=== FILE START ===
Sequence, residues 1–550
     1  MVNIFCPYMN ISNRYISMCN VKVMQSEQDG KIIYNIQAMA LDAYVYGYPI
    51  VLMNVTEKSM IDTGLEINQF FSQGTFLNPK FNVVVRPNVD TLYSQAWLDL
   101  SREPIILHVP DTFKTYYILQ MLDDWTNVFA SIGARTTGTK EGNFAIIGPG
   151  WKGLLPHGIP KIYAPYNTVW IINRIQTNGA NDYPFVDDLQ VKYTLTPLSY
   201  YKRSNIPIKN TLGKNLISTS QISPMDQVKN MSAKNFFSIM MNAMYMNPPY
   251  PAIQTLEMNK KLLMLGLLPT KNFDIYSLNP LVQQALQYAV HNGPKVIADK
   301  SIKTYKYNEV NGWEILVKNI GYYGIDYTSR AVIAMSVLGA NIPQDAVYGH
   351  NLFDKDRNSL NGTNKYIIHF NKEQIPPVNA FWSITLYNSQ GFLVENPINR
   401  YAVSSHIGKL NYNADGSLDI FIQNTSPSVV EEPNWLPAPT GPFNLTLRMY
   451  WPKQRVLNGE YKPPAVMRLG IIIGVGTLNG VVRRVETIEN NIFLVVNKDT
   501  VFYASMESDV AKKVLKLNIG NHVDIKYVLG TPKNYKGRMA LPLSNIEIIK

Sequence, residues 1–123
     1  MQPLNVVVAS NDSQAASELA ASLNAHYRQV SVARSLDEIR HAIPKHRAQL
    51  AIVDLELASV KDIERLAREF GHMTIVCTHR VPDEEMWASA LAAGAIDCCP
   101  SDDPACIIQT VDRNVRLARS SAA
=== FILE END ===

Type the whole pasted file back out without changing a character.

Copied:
Sequence, residues 1–550
     1  MVNIFCPYMN ISNRYISMCN VKVMQSEQDG KIIYNIQAMA LDAYVYGYPI
    51  VLMNVTEKSM IDTGLEINQF FSQGTFLNPK FNVVVRPNVD TLYSQAWLDL
   101  SREPIILHVP DTFKTYYILQ MLDDWTNVFA SIGARTTGTK EGNFAIIGPG
   151  WKGLLPHGIP KIYAPYNTVW IINRIQTNGA NDYPFVDDLQ VKYTLTPLSY
   201  YKRSNIPIKN TLGKNLISTS QISPMDQVKN MSAKNFFSIM MNAMYMNPPY
   251  PAIQTLEMNK KLLMLGLLPT KNFDIYSLNP LVQQALQYAV HNGPKVIADK
   301  SIKTYKYNEV NGWEILVKNI GYYGIDYTSR AVIAMSVLGA NIPQDAVYGH
   351  NLFDKDRNSL NGTNKYIIHF NKEQIPPVNA FWSITLYNSQ GFLVENPINR
   401  YAVSSHIGKL NYNADGSLDI FIQNTSPSVV EEPNWLPAPT GPFNLTLRMY
   451  WPKQRVLNGE YKPPAVMRLG IIIGVGTLNG VVRRVETIEN NIFLVVNKDT
   501  VFYASMESDV AKKVLKLNIG NHVDIKYVLG TPKNYKGRMA LPLSNIEIIK

Sequence, residues 1–123
     1  MQPLNVVVAS NDSQAASELA ASLNAHYRQV SVARSLDEIR HAIPKHRAQL
    51  AIVDLELASV KDIERLAREF GHMTIVCTHR VPDEEMWASA LAAGAIDCCP
   101  SDDPACIIQT VDRNVRLARS SAA